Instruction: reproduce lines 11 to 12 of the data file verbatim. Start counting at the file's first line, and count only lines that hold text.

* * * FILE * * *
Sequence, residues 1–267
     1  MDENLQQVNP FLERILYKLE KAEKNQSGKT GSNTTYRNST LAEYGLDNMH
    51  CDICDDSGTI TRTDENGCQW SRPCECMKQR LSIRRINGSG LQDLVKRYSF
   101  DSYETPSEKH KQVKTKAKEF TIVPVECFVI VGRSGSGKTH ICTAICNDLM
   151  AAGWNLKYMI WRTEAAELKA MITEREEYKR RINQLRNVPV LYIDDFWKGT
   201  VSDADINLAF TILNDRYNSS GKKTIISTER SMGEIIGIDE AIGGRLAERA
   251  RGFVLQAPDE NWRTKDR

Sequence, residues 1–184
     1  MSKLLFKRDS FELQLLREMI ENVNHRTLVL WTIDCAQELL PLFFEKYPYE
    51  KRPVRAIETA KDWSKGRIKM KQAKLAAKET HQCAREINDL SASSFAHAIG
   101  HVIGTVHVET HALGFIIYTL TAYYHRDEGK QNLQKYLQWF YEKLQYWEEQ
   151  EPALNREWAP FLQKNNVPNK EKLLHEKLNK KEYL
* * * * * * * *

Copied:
   101  HVIGTVHVET HALGFIIYTL TAYYHRDEGK QNLQKYLQWF YEKLQYWEEQ
   151  EPALNREWAP FLQKNNVPNK EKLLHEKLNK KEYL